Today, more women are stepping forward to challenge rape culture by sharing their experience and exposing their perpetrator. "When one woman is sharing her story, you can see tremendous impact that it has on so many others," says Joy.
So is the American community finally having an open discussion on rape? Jeanne says she thinks we have. "When that issue of sexual violence was raised at our Presidential debates there was a lot of conversation about what's okay and what isn't as far as what language we use to speak about women and what language men are going to use and whether it's okay or not okay. Will it be tolerated? I think there's generally agreement that it's not okay."
Joy says over the last seven years she has seen the reaction of people change when sexual violence is brought up in a conversation. "Before it was like, 'well I never told anyone about this before.' Where as now I'm seeing young girls talk about it on Facebook."
While it is horrible that there are so many stories to share, it's really wonderful that women are feeling empowered to share those stories.
A University's Devotion to Defy Rape Culture on College Campuses.
Nearly 1 in 4 women experience sexual violence while in college, according to a recent study of students at nine schools around the nation by the Bureau of Justice Statistics. Sadly, the majority of these cases go unreported.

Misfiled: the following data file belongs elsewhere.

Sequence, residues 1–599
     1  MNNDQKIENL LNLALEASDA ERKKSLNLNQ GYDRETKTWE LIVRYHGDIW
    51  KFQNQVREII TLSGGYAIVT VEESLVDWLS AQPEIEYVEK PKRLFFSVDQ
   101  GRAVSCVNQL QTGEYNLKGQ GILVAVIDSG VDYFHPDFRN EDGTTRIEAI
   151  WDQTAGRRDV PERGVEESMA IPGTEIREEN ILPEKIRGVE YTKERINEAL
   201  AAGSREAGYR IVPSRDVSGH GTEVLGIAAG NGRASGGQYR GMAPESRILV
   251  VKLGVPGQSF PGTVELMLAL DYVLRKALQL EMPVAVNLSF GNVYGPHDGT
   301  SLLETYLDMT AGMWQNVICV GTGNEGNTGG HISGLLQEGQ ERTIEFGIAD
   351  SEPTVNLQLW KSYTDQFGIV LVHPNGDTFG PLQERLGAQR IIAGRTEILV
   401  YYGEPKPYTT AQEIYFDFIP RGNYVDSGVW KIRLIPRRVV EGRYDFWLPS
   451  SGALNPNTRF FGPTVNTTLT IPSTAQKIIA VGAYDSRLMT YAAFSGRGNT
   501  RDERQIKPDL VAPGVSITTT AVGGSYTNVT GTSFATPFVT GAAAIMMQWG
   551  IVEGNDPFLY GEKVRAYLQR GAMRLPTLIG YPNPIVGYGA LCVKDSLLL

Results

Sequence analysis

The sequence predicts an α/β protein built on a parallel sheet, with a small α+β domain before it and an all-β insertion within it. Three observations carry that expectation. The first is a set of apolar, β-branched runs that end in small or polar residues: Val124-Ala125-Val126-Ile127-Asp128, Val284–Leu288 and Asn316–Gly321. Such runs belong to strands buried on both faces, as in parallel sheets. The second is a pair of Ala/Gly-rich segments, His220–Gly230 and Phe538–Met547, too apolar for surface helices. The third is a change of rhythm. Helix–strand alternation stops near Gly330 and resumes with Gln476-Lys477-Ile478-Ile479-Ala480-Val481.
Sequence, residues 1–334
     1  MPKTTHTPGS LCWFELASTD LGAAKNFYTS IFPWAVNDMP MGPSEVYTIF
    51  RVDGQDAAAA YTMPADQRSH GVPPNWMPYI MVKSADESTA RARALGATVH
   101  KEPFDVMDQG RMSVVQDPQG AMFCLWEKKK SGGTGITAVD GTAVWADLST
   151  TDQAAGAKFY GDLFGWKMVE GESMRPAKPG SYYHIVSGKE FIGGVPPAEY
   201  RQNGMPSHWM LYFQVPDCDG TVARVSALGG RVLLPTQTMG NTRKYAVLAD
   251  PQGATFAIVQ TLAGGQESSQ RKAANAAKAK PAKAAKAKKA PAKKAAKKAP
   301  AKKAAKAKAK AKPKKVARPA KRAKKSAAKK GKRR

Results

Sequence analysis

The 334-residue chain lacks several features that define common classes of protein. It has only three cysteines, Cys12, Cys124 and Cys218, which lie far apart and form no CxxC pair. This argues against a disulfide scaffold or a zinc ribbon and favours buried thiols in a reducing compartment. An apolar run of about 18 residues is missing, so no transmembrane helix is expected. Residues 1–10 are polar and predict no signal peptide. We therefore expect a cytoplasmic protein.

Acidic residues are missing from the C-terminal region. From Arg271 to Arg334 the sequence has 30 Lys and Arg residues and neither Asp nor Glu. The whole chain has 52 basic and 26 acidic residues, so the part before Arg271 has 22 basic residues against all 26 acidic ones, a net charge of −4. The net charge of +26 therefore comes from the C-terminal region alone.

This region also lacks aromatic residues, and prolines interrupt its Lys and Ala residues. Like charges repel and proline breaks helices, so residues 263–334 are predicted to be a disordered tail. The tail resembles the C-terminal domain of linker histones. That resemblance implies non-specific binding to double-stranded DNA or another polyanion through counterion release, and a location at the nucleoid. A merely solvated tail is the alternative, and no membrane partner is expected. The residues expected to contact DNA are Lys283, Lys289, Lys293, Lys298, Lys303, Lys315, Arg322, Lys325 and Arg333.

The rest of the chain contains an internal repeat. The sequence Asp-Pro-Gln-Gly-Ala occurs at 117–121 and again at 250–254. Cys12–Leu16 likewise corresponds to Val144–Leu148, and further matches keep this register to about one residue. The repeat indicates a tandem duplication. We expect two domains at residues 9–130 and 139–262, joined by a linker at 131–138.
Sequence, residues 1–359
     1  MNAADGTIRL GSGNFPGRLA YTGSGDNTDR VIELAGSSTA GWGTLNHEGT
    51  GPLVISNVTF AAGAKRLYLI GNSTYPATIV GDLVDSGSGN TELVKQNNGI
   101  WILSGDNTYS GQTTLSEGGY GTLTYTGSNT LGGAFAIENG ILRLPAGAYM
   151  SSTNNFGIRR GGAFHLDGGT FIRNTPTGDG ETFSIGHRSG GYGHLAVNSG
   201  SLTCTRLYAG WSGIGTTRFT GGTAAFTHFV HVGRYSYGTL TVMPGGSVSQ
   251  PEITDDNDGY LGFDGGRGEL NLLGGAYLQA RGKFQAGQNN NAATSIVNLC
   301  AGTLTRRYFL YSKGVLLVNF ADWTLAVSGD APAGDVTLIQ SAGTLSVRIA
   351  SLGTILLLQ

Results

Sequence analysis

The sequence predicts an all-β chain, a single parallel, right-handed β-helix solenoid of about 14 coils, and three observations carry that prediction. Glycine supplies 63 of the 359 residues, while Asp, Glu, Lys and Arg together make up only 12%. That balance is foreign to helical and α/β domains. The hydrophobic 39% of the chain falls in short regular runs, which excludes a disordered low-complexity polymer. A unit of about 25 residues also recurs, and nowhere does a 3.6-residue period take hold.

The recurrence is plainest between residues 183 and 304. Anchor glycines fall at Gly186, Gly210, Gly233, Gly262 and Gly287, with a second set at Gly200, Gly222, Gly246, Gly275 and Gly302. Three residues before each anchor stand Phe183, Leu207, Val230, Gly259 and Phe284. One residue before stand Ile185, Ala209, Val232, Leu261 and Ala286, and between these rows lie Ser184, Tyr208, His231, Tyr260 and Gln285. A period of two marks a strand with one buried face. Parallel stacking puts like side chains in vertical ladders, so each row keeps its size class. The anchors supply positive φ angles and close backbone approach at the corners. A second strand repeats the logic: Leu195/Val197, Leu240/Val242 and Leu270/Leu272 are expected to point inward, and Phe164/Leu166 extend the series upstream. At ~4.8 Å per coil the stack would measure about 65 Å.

The prevalence of sexual violence on college campuses across the nation leads to one question: what is it going to take to convince our country that this is a serious problem?
That’s why last summer, Halimat, along with a group of students and faculty blasted the toxic rape culture at the University of St. Catherine, a campus where 97 percent of the students are women. "Current students and I think some past students that recently graduated were saying 'yeah, I was sexually assaulted when I was at St. Kate's and the way that the administration handled it was not okay. I felt like they pushed me off campus.' That was the generally vibe that a lot of us saw and felt," explains Halimat.
The protests were sparked by a reaction to survivor Sarah Super. Her attacker's family owns a local event organizer and had longtime ties with the University of St. Catherine.
In 2012, Sarah's boyfriend at the time, broke into her apartment and raped her. He is now serving 12 years in prison. "It changed by life completely," says Sarah. "Everything I was and the person I was before I was raped, I am bringing all of those things and all of that knowledge and that experience to who I am today."